Terrorism Could Hurl D.C. Area Into Turmoil

Deputy Mayor Edward D. Reiskin, left, and Thomas J. Lockwood of the Office of National Capital Region Coordination observe the city's Fourth of July test.
Deputy Mayor Edward D. Reiskin, left, and Thomas J. Lockwood of the Office of National Capital Region Coordination observe the city's Fourth of July test. (By Kevin Clark -- The Washington Post)
By Sari Horwitz and Christian Davenport
Washington Post Staff Writers
Sunday, September 11, 2005

The U.S. Capitol and the White House have been fortified, police forces strengthened, high-tech security equipment purchased, vulnerable streets closed and checkpoints and barriers erected. In all, federal, state and local governments have spent more than $2 billion to protect the Washington area since the Sept. 11, 2001, attacks.

Despite these efforts, security officials in the region concede that they fear another major terrorist strike would result in the kind of chaos and confusion seen along the Gulf Coast after Hurricane Katrina.

Even those who helped spend the money envision gridlock on the Capital Beltway as residents flee after a truck bombing at the Capitol or a chemical attack on Metro. They see D.C. police, U.S. Capitol Police, the FBI, U.S. Park Police and the departments of Homeland Security and Defense scrambling to figure out who is in charge, strained hospitals overwhelmed with thousands of people in need of medical care and confused downtown workers from the District, Maryland and Virginia who don't know what to do.

On the fourth anniversary of the Sept. 11 attacks, the nation's capital lacks a comprehensive way to tell people what to do in a state of emergency, especially a terrorist attack with no warning, according to law enforcement and Homeland Security officials involved in emergency preparations.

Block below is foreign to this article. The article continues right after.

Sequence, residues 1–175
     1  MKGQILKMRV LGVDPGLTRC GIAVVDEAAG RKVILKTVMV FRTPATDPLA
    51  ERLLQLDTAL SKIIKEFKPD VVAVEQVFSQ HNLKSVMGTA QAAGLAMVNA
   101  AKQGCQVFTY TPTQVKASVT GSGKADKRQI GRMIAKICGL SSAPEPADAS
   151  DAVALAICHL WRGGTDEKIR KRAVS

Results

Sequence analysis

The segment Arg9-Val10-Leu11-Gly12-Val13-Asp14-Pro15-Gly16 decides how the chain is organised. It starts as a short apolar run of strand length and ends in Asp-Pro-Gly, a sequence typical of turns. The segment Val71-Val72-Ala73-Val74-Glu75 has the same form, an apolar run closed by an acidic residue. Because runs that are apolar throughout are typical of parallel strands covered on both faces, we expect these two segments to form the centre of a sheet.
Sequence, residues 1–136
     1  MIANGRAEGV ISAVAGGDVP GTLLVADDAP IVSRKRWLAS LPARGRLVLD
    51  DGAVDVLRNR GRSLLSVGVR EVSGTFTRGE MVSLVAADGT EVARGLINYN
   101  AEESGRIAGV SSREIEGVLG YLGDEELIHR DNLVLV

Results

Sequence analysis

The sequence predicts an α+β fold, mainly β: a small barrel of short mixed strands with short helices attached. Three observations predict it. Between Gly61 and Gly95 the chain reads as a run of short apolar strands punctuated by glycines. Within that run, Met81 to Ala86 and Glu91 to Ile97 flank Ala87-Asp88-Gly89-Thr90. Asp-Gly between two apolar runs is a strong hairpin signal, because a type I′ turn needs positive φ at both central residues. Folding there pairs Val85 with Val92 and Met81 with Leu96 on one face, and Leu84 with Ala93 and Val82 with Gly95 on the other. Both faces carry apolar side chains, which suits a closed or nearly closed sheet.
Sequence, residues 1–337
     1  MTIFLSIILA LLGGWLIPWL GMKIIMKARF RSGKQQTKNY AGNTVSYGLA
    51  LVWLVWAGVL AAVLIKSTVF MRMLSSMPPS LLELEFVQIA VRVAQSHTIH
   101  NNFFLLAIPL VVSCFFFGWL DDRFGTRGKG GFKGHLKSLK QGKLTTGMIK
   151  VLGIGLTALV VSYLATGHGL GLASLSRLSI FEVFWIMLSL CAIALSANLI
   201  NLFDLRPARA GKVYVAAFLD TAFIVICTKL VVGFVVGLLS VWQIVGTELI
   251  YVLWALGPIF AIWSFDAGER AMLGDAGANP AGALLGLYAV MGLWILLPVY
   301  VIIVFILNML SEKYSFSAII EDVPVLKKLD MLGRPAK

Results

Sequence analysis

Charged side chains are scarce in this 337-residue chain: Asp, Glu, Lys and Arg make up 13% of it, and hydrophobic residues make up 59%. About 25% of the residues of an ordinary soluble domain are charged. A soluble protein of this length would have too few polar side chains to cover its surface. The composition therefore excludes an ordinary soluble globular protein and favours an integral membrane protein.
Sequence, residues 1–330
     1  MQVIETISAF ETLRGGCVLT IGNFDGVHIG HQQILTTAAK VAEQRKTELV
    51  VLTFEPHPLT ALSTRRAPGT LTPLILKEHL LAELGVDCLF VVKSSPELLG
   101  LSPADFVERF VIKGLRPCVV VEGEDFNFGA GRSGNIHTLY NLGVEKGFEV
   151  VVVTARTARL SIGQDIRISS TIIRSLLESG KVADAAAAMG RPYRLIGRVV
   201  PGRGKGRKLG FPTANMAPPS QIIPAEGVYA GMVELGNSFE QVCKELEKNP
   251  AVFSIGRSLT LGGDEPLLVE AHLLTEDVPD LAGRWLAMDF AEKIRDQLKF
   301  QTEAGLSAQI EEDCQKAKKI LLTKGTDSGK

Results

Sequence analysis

"What we lack is a coordinated public information system in the event of a major incident," said David Snyder, a member of the Metropolitan Washington Council of Governments' homeland security task force. "What we need is a system that will function instantaneously and automatically every time. . . . That doesn't exist now."

Complicating the planning is the fact that officials don't know exactly what they are planning for. A tornado would require a different response than a dirty bomb at the Capitol or a smallpox attack on Metro. And officials are not going to have to communicate just among themselves but also tell a panicked public what to do and where to go. Sometimes the edict would be to evacuate, other times to stay put.

After watching the bedlam in New Orleans after Katrina, Washington area officials said they are concerned about how much help they would get from the federal government and how quickly it would come.

"For four years, we've been hearing from the feds that they are going to take charge so we can respond to any catastrophe that comes our way," said Montgomery County Executive Douglas M. Duncan (D). "And here's the first major test, and it's a failure. . . . I've lost confidence in [the Federal Emergency Management Agency] to come in and be part of the solution.

"We've got to take all the plans that relied on the federal government and throw them out and start over again," Duncan said.

Regional leaders held a news conference last week to kick off the $4.5 million National Capital Region Emergency Preparedness Campaign, urging residents to prepare kits with food, water and emergency supplies. In other words, residents again are being told to stock up on duct tape.

Failed Tests

Police, health and emergency officials from across the Washington area say that since Sept. 11, 2001, the region has made significant strides in preparing for all kinds of emergencies, including biological and chemical attacks, coordinated bombings and natural disasters.

They point to elaborate local and regional evacuation plans that have been developed, tested, revised and tested again. More than 2,500 federal employees from 45 agencies in the Washington area went to more than 100 secret sites for two days last year in the nation's first test of how the government could continue operating in the face of a massive terrorist attack.

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